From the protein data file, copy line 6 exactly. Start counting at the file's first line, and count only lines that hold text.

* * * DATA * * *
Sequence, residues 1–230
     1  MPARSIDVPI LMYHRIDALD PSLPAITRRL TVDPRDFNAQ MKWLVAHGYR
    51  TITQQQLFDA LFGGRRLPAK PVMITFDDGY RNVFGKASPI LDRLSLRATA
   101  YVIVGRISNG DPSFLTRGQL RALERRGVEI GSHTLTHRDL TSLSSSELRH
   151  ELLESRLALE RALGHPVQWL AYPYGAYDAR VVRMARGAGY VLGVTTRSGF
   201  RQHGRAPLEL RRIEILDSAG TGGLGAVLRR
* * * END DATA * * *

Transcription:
   201  RQHGRAPLEL RRIEILDSAG TGGLGAVLRR